die on "Good Friday." When the established church wanted to appease the
paganistic people in order to "convert" them to Christianity, they moved the
dates accordingly. Jesus
actually died on the day of Preparation of Passover Week, which that year
occurred on Wednesday (John 19:14, 31-42). Thursday was the Sabbath of the
Passover. Friday, Christ was still in the tomb. Saturday was the "regular"
Sabbath. Jesus arose after the Saturday Sabbath was concluded, which was the
first day of the week, the day we know as Sunday. The word Easter was even
inserted in the English KJV translation of the Bible to replace the word for
Passover to further disguise the issue. Most Christians interpret the four
Gospels of the Christian Scriptures (New Testament) as implying that Jesus
Christ was executed and buried just before the beginning of Passover on
Friday evening. A minority believe that the execution
occurred on a Wednesday or Thursday.
But, what about the bunny and eggs and all that stuff? Well, I hate to
let you Christians in on a little secret, but is all pagan! That’s right.
Let’s start with Hot Cross Buns. At the feast of Eostre, an ox was
sacrificed. The ox's horns became a symbol for the feast. They were carved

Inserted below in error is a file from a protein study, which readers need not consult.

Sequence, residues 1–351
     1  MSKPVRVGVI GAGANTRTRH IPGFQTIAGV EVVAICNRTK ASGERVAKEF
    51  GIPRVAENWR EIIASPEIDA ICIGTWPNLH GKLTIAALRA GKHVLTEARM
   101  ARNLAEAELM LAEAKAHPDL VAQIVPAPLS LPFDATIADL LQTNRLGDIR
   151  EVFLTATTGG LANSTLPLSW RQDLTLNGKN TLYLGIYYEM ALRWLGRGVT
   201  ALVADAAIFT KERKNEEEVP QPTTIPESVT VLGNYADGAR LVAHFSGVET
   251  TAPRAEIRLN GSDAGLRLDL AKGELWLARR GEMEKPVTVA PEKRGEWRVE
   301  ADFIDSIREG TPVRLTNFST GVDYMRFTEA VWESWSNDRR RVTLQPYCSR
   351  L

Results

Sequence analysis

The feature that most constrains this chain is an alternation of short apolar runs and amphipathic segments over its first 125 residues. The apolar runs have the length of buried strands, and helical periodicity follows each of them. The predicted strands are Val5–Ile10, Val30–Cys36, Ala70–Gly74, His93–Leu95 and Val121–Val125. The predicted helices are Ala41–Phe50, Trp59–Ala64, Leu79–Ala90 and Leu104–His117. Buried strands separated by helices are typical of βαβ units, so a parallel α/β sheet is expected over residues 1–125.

into the ritual bread. Thus originated "hot cross buns". The word "buns" is
derived from the Saxon word "boun" which means "sacred ox." Later, the symbol
of a symmetrical cross was used to decorate the buns; the cross represented
the moon, the heavenly body associated with the Goddess, and its four
quarters. Easter Bunny and Eggs? The symbols of the Norse Goddess Ostara
were the hare and the egg. Both represented fertility. From these, we have
inherited the customs and symbols of the Easter egg and Easter rabbit. Dyed
eggs also formed part of the rituals of the Babylonian mystery religions.
Eggs were sacred to many ancient civilizations and formed an integral part of
religious ceremonies in Egypt and the Orient. Dyed eggs were hung in Egyptian
temples, and the egg was regarded as the emblem of regenerative life
proceeding from the mouth of the great Egyptian god. According to Teutonic
myth, the hare was once a bird whom Eostre changed into a four-footed
creature. Thus, it can also lay eggs. The hare is also the sacred companion
and sacrificial victim of Eostre. The so-called 'Easter lily' has long been
revered by pagans of various lands as a holy symbol associated with the
reproductive organs. It was considered a phallic symbol! The custom of the
Easter Sunrise Service can be traced back to the ancient Pagan custom of
welcoming the sun God at the vernal equinox - when daytime is about to exceed
the length of the nighttime. It was a time to celebrate the return of life
and reproduction to animal and plant life as well.
Pagans all over the world have long celebrated the coming of spring and
the rebirth of the earth. The Christians, in their attempt to lure people
from the old religion, corrupted the old customs with their new ideas and in
the process stole most of the old traditions which most people now think
really are of Christian origin. Anyone can tell you, that the majority of
Christian tradition is pagan. Now if you are one of the Christian types that
believe that Paganism is akin to Satanism, I think its time to throw out all
those Easter decorations, don’t give your kids Easter baskets with candy and
send them on egg hunts. All these thins are evil. From now on, celebrate
“The Resurrection” and leave Easter to us heathens!!